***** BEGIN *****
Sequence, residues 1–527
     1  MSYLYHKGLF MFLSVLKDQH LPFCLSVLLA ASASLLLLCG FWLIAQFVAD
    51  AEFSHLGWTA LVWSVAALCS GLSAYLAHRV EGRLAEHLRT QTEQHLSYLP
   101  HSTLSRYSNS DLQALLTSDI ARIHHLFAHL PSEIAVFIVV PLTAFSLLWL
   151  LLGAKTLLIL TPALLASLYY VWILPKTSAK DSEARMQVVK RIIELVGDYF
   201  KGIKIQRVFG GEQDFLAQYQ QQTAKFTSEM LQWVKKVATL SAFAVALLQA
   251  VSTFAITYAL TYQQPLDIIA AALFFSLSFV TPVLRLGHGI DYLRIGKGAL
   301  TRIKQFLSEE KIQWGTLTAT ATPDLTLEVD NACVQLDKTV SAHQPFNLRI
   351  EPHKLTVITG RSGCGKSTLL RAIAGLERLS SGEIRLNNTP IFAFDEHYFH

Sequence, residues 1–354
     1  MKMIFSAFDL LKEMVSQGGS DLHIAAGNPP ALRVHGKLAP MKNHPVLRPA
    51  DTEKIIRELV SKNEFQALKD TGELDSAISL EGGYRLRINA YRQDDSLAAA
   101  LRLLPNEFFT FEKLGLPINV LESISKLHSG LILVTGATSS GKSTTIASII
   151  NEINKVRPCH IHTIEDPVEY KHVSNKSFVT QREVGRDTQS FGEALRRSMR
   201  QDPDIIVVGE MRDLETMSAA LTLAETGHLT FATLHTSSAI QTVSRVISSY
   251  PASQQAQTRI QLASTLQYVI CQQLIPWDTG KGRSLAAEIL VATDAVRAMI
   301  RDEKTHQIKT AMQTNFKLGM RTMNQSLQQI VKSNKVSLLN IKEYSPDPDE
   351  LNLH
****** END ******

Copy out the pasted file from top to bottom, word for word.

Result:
Sequence, residues 1–527
     1  MSYLYHKGLF MFLSVLKDQH LPFCLSVLLA ASASLLLLCG FWLIAQFVAD
    51  AEFSHLGWTA LVWSVAALCS GLSAYLAHRV EGRLAEHLRT QTEQHLSYLP
   101  HSTLSRYSNS DLQALLTSDI ARIHHLFAHL PSEIAVFIVV PLTAFSLLWL
   151  LLGAKTLLIL TPALLASLYY VWILPKTSAK DSEARMQVVK RIIELVGDYF
   201  KGIKIQRVFG GEQDFLAQYQ QQTAKFTSEM LQWVKKVATL SAFAVALLQA
   251  VSTFAITYAL TYQQPLDIIA AALFFSLSFV TPVLRLGHGI DYLRIGKGAL
   301  TRIKQFLSEE KIQWGTLTAT ATPDLTLEVD NACVQLDKTV SAHQPFNLRI
   351  EPHKLTVITG RSGCGKSTLL RAIAGLERLS SGEIRLNNTP IFAFDEHYFH

Sequence, residues 1–354
     1  MKMIFSAFDL LKEMVSQGGS DLHIAAGNPP ALRVHGKLAP MKNHPVLRPA
    51  DTEKIIRELV SKNEFQALKD TGELDSAISL EGGYRLRINA YRQDDSLAAA
   101  LRLLPNEFFT FEKLGLPINV LESISKLHSG LILVTGATSS GKSTTIASII
   151  NEINKVRPCH IHTIEDPVEY KHVSNKSFVT QREVGRDTQS FGEALRRSMR
   201  QDPDIIVVGE MRDLETMSAA LTLAETGHLT FATLHTSSAI QTVSRVISSY
   251  PASQQAQTRI QLASTLQYVI CQQLIPWDTG KGRSLAAEIL VATDAVRAMI
   301  RDEKTHQIKT AMQTNFKLGM RTMNQSLQQI VKSNKVSLLN IKEYSPDPDE
   351  LNLH